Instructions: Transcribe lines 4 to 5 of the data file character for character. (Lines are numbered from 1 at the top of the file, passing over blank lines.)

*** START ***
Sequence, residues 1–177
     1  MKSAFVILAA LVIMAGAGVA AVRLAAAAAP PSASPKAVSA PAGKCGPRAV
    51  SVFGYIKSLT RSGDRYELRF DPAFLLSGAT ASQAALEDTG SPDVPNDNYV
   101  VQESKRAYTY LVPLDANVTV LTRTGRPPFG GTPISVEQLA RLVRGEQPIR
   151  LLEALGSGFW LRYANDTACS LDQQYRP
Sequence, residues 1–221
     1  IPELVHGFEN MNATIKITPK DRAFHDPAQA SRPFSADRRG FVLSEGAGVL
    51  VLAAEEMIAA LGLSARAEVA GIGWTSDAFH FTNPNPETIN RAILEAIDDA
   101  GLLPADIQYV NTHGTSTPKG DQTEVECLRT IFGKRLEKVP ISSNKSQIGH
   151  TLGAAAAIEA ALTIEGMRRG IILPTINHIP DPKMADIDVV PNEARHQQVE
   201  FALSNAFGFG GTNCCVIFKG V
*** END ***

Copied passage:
   101  VQESKRAYTY LVPLDANVTV LTRTGRPPFG GTPISVEQLA RLVRGEQPIR
   151  LLEALGSGFW LRYANDTACS LDQQYRP